My Kind of Country

Country music from a fan's point of view since 2008

Jerry Bradley, Ray Stevens, and Brooks & Dunn to be inducted into the Country Music Hall of Fame

The annual announcement ceremony took place this morning. It was supposed to be hosted by Reba McEntire, but what she had assumed was laryngitis is actually a strep infection. She’s also had to postpone a few concerts over the past week. Hopefully, she’ll still be able to host the ACM Awards on April 7.

The press conference begins at 32:23 minutes in:

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Week ending 3/16/19: #1 singles this week in country music history

1959: Don’t Take Your Guns To Town — Johnny Cash (Columbia)

1969: Only The Lonely — Sonny James (Capitol)

1979: Golden Tears — Dave & Sugar (RCA Records)

1989: From a Jack to a King — Ricky Van Shelton (Columbia Nashville)

1999: You Were Mine — Dixie Chicks (Monument) 

2009: Sweet Thing — Keith Urban (Capitol Nashville)

2019: Beautiful Crazy — Luke Combs (Columbia Nashville)

2019 (Airplay): Beautiful Crazy — Luke Combs (Columbia Nashville)

Album Review: John Conlee — ‘Harmony’

When John Conlee released his eighth album, Harmony, in 1986, he was also making his transition from MCA to Columbia. Although he would only release two albums for the label, his hit-making streak continued.

Three singles were released from the album, including the mid-tempo title track, which hit #10. The other two came from prominent artists and had varying quality. Conlee’s seventh and final #1 came courtesy of Dobie Gray’s unspectacular “Got My Heart Set On You.” He much deserved to peak higher than #6 with Guy Clark’s “The Carpenter,” an excellent salute to an everyday working man:

Let us now praise the carpenter and the things that he made

And the way that he lived by the tools of the trade

I can still hear his hammer singing ten-penny time

Working by the hour till the day that he died

 

He was tough as a crowbar, he was quick as a chisel

Fair as a plane and true as a level

He was straight as a chalk line and right as a rule

He was square with the world he took good care of his tools

 

He worked his hands in wood from the crib to the coffin

With a care and a love that you don’t see too often

He built boats out of wood, big boats, he worked in a shipyard

Mansions on the hill and a birdhouse in the backyard

 

He said anything that’s worth cutting down a tree for

Is worth doing right don’t the lord love a two by four

If you asked him how to do something he said like Noah built the Arc

You’ve got to hold your mouth right son and never miss the mark

Piano and steel guitar is an effective backdrop for “Class Reunion,” about a man who finds his reunion notice between his stack of bills. The story is very relatable but the lyric could’ve been sharper. He continues in this territory on “Cars,” a love song between a guy and the “motors and wheels” that get him through life:

She was sittin’ on a car lot looking like a dream

Underneath a string of lights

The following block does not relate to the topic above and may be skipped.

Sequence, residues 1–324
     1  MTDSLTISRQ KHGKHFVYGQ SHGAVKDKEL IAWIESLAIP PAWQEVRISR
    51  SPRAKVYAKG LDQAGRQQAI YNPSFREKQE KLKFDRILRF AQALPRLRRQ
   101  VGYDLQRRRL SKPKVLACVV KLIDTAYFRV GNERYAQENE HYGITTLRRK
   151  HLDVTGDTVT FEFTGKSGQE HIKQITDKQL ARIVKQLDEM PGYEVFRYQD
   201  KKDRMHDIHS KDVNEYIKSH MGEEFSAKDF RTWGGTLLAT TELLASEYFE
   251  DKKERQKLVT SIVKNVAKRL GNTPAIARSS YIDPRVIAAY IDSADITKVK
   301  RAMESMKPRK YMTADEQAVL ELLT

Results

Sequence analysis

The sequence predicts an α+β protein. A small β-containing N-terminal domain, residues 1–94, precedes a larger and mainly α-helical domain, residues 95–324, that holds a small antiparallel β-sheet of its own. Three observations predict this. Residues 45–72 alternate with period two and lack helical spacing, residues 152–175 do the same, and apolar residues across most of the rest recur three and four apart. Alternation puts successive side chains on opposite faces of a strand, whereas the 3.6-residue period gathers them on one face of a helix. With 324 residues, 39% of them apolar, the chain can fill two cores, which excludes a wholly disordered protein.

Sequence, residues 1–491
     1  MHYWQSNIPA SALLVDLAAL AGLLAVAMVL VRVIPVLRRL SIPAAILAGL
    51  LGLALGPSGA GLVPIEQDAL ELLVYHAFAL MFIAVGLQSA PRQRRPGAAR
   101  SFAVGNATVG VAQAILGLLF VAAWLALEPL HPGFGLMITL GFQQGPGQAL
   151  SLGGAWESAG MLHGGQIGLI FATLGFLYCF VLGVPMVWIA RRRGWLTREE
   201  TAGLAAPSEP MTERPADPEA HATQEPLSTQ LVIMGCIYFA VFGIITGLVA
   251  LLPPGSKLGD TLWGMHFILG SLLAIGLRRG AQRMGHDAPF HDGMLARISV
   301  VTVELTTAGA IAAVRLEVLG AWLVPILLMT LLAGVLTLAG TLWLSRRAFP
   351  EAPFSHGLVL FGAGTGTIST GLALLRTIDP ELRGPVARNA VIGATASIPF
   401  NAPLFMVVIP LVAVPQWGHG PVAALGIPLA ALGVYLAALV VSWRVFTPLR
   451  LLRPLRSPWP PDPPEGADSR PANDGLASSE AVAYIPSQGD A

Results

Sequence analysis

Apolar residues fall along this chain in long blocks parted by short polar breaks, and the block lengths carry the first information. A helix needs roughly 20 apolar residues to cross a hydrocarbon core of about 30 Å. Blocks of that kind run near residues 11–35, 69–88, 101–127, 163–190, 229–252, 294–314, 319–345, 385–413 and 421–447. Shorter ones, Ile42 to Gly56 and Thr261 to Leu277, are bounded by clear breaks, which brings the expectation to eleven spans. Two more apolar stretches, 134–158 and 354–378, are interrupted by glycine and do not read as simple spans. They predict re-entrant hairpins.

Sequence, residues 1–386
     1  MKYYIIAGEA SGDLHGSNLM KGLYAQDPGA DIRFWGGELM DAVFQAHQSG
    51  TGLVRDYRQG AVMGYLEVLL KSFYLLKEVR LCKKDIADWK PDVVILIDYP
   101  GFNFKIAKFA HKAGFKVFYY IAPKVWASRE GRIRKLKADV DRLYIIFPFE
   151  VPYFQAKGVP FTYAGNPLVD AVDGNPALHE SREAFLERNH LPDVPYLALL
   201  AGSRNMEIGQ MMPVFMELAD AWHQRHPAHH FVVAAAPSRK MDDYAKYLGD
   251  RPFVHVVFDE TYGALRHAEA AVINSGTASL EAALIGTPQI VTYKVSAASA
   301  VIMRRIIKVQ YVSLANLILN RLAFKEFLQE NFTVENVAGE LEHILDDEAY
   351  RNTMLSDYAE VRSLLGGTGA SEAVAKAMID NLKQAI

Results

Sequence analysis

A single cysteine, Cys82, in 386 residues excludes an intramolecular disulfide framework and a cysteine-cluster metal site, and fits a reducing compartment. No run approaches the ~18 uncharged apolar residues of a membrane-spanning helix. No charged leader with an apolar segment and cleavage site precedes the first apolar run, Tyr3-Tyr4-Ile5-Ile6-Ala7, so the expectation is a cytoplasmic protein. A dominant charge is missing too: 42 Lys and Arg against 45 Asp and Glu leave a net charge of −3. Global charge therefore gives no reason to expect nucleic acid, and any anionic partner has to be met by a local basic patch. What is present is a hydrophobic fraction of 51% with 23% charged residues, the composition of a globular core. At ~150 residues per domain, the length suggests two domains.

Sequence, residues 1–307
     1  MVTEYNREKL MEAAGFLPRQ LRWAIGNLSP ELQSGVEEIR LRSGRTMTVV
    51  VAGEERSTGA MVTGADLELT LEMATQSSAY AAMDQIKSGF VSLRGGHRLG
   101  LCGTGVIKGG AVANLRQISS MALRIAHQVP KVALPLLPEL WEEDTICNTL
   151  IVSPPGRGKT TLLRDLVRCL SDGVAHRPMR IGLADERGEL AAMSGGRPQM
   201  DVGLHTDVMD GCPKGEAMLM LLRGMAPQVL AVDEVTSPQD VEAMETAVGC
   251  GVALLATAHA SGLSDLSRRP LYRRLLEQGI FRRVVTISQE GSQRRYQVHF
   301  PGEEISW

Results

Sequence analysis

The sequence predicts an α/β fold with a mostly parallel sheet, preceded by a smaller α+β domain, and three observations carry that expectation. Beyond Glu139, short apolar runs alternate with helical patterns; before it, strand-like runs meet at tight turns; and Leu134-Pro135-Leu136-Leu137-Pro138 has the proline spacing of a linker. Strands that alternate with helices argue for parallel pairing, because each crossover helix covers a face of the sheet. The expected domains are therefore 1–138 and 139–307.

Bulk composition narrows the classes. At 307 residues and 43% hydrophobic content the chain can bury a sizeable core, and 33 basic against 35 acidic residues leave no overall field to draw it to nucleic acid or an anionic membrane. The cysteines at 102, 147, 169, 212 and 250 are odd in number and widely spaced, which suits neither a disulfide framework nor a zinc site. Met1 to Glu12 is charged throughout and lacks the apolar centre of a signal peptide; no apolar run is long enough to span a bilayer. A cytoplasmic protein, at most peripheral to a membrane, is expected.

A 49 model and I was sixteen

But I knew it was love at first sight

 

And the man said, son, I’ll make you a deal

And I knew I had to make her mine

I held my breath and slid behind the wheel

It was my very first time

 

Cars, just motors and wheels

Rubber and glass and steel

Still, I think back over the years

And it sounds strange, I suppose

But it’s cars I remember most

 

She was parked on the street by the First Baptist Church

As we ran down the steps hand in hand

My brand new Chevy waiting there at the curve

And we waved to the crowd and got in

 

Well, the miles went by and so did the years

And I thought that we were doing alright

Till she packed up the kids and picked up the keys

And just drove away one night

 

Well, the years have gone by and a lot of thing changed

I hardly see the kids any more

Took a new job and moved to LA

And bought me a two-seater Porsche

 

There’s lots of pretty girls out here and you know

I could be doing alright

But mostly at night I just drive up the cost

And look at the city lights

The album’s truest country moment comes courtesy of Bobby Braddock’s delightful “She Told Me So,” which seems like it was written for Keith Whitley. Also wonderful is “I’ll Be Seeing You,” which has a downbeat lyric about a guy kicking his woman to the curb set to a rather cheerful ear-catching melody.

“You’ve Got A Right” is pure filler but it is the album’s most uptempo song. Conlee takes us to Montego Bay, Jamaica on “For A Little While,” and while the setting may be tropical, the downbeat lyric is set to a very contemporary arrangement featuring steel guitars, not steel drums. He concludes the album with “The Day He Turns 65,” a portrait of a man who, on the brink of retirement, must figure out his new life.

Harmony is very much a contemporary country album with solid country production throughout. While there isn’t a truly terrible song to be found, some of the tracks are definitely stronger than others.

Grade: B

Week ending 3/9/19: #1 singles this week in country music history

1959: Don’t Take Your Guns To Town — Johnny Cash (Columbia)

1969: Only The Lonely — Sonny James (Capitol)

1979: Golden Tears — Dave & Sugar (RCA Records)

1989: Don’t You Ever Get Tired (Of Hurting Me) — Ronnie Milsap (RCA)

1999: No Place That Far — Sara Evans (RCA Nashville)

2009: God Love Her — Toby Keith (Show Dog Nashville)

2019: Beautiful Crazy — Luke Combs (Columbia Nashville)

2019 (Airplay): Beautiful Crazy — Luke Combs (Columbia Nashville)

 

Album Review: John Conlee — ‘Friday Night Blues’

The title track was the first of three singles released off of John Conlee’s third album Friday Night Blues, which came out in May 1980. The excellent mid-tempo ballad tells the story of a lonely housewife desperate for the affection of her oft-absent husband: